SpaceX launches 15 Starlink satellites, lands rocket at sea

SpaceX launched 15 more of its Starlink internet satellites Monday night (Aug. 7) and landed the returning rocket on a ship at sea.

A Falcon 9 rocket topped with the Starlink spacecraft lifted off from California's Vandenberg Space Force Base Monday at 11:57 p.m. EDT (8:57 p.m. local California time and 0357 GMT on Aug. 8). 

The Falcon 9's first stage came back to Earth as planned, landing on the SpaceX drone ship Of Course I Still Love You about 9.5 minutes after launch.

Related: Starlink satellite train: How to see and track it in the night sky

The first stage of a SpaceX Falcon 9 rocket rests on the deck of a drone ship shortly after landing on Aug. 7, 2023. (Image credit: SpaceX)

It was the fifth launch and landing for this particular booster, according to a SpaceX mission description.

The Falcon 9's upper stage, meanwhile, will continue hauling the 15 Starlink satellites to low Earth orbit, where they will be deployed about 14.5 minutes after liftoff. However, it may take a bit longer than that to get confirmation of deployment success, SpaceX representatives said during Monday's launch webcast.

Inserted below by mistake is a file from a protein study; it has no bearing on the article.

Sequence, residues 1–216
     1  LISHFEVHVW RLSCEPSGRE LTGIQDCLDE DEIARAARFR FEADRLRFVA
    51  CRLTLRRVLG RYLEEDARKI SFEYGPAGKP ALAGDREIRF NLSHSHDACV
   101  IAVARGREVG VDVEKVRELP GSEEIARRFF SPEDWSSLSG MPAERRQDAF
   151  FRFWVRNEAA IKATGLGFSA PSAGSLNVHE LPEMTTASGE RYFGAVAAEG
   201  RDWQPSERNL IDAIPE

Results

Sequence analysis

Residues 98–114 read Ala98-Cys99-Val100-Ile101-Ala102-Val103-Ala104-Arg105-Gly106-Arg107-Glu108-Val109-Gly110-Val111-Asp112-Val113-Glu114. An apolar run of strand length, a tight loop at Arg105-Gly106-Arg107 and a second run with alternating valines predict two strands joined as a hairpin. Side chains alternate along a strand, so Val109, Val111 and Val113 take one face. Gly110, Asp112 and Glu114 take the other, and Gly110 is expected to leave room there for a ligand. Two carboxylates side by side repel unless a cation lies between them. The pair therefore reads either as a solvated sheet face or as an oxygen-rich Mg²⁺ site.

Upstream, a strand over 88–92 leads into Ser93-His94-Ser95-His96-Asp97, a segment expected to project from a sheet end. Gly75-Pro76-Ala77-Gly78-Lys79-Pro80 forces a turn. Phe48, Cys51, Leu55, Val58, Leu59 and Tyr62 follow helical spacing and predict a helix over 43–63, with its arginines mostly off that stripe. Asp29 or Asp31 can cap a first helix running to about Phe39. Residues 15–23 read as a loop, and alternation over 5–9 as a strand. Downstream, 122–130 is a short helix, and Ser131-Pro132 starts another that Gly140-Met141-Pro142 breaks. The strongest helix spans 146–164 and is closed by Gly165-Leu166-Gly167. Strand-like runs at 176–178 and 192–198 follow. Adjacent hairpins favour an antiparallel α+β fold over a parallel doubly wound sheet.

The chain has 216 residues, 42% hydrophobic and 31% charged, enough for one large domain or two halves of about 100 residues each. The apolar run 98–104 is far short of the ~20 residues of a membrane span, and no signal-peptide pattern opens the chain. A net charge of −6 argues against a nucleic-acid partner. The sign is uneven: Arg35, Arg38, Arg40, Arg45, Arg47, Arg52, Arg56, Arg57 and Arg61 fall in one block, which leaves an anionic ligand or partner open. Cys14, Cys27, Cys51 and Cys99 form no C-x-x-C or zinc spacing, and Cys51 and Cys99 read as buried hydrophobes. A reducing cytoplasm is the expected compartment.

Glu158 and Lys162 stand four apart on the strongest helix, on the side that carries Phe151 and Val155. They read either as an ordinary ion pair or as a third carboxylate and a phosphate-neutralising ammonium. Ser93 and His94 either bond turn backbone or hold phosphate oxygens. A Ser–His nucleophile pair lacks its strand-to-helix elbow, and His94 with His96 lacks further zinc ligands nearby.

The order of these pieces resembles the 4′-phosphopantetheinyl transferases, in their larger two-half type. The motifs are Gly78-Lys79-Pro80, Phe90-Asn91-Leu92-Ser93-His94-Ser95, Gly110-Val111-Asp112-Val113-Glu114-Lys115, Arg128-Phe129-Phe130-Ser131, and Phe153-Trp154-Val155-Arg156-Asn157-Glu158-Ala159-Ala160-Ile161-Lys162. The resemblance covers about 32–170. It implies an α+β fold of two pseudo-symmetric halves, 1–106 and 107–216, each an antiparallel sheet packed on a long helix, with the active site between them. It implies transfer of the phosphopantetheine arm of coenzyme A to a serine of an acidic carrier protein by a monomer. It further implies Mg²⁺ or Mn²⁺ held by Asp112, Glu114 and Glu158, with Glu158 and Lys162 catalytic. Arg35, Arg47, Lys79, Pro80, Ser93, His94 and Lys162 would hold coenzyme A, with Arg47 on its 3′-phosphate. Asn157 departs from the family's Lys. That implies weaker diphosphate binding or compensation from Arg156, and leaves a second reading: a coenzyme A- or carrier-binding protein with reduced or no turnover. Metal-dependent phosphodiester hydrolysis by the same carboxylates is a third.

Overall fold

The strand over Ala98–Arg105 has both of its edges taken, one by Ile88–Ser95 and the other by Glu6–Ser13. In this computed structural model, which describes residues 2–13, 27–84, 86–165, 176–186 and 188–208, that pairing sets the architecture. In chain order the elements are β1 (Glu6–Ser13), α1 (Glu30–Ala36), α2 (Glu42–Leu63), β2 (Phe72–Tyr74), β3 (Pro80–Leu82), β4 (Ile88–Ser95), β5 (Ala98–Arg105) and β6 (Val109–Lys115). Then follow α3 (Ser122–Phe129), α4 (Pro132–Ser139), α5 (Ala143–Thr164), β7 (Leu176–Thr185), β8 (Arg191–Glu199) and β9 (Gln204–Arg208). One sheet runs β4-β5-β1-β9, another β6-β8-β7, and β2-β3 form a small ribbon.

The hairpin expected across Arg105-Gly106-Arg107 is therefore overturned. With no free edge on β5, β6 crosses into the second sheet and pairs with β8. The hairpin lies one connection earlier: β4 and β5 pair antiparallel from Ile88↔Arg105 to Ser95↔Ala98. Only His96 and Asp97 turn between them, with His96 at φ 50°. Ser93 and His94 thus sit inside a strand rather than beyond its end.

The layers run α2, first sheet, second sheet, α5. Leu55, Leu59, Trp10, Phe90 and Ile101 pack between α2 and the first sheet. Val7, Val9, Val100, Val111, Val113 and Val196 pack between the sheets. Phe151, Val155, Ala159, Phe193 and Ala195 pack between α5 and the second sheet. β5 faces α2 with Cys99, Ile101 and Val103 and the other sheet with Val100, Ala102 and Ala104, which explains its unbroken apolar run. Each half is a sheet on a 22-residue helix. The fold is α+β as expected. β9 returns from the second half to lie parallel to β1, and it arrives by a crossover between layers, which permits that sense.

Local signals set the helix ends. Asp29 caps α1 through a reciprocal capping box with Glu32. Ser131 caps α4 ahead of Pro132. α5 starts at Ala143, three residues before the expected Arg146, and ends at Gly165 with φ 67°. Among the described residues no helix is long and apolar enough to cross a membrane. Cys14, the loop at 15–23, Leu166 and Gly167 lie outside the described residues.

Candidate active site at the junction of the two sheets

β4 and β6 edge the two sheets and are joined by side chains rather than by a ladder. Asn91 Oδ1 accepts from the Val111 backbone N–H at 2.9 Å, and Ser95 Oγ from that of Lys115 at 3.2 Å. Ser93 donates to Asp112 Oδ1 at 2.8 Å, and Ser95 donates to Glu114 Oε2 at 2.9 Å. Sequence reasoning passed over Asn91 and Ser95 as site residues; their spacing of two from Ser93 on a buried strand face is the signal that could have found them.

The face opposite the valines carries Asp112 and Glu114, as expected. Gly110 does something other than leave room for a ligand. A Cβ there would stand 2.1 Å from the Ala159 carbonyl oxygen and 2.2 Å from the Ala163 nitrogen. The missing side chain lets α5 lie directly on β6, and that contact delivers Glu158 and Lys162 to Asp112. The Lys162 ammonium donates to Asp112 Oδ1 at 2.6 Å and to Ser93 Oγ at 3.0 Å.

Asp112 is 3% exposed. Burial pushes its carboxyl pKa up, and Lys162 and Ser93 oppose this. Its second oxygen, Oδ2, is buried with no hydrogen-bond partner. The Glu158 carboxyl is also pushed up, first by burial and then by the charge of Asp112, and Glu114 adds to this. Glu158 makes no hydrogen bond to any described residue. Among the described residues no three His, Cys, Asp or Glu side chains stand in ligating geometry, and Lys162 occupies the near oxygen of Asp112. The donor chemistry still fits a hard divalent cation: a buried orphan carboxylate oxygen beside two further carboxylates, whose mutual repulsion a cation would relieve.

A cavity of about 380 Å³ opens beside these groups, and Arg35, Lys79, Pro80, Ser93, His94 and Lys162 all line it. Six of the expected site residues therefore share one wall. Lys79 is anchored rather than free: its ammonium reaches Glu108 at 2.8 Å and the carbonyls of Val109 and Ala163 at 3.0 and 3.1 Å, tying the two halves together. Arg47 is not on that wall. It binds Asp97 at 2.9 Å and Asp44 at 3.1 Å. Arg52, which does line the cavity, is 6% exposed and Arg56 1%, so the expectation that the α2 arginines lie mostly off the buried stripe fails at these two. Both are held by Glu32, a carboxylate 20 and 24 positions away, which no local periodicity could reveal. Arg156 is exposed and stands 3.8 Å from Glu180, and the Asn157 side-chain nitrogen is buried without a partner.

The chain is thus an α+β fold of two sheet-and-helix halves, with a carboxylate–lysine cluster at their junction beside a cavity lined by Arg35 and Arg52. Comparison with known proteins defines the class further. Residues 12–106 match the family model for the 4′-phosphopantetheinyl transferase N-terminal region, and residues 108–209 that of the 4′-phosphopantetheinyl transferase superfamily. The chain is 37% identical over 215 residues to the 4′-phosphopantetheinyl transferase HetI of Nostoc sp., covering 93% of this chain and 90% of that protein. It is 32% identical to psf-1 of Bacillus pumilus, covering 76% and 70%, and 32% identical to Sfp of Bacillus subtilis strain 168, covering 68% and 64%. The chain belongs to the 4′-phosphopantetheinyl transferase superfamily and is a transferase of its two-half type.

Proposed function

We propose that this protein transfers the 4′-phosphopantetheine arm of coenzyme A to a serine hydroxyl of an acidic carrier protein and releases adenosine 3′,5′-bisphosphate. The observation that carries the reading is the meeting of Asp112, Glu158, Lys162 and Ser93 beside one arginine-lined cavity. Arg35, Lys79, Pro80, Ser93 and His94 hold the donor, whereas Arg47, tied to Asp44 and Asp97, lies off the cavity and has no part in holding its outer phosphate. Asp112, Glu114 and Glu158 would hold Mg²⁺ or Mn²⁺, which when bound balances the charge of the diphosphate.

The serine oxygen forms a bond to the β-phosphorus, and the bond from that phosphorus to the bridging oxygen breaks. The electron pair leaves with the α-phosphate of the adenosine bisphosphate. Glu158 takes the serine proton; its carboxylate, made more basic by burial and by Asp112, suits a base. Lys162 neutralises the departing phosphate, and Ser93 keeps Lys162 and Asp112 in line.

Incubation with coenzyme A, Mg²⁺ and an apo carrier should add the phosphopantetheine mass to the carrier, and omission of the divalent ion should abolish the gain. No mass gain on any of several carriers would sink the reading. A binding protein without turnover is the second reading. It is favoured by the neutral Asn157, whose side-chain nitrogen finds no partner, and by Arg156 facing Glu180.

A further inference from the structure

This was the second Starlink launch for SpaceX in as many days. A Falcon 9 lofted 22 of the satellites from Cape Canaveral Space Force Station in Florida on Sunday night (Aug. 6).

SpaceX has now launched 4,918 Starlink spacecraft to date, and more than 4,500 of them are currently functional, according to satellite tracker and astrophysicist Jonathan McDowell

Editor's note: This story was updated at 12:15 a.m. ET on Aug. 8 with news of successful launch and rocket landing.

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Mike Wall
Senior Space Writer

Michael Wall is a Senior Space Writer with and joined the team in 2010. He primarily covers exoplanets, spaceflight and military space, but has been known to dabble in the space art beat. His book about the search for alien life, "Out There," was published on Nov. 13, 2018. Before becoming a science writer, Michael worked as a herpetologist and wildlife biologist. He has a Ph.D. in evolutionary biology from the University of Sydney, Australia, a bachelor's degree from the University of Arizona, and a graduate certificate in science writing from the University of California, Santa Cruz. To find out what his latest project is, you can follow Michael on Twitter.

  • Classical Motion
    There's another batch. It's was true what was forecast at the beginning of the year. Not just space x...but all the others too. I have a question and it is not a mock. Does anyone have to do an impact statement on the environment this might effect? It's getting thick up there.
  • billslugg
    US environmental laws only go as high as 100 km.
    There are 5 UN treaties that affect space activities.
    Those who launch are responsible for the damage their spacecraft does.
    There are no limits placed on number of spacecraft.
    There needs to be some upgrades I think.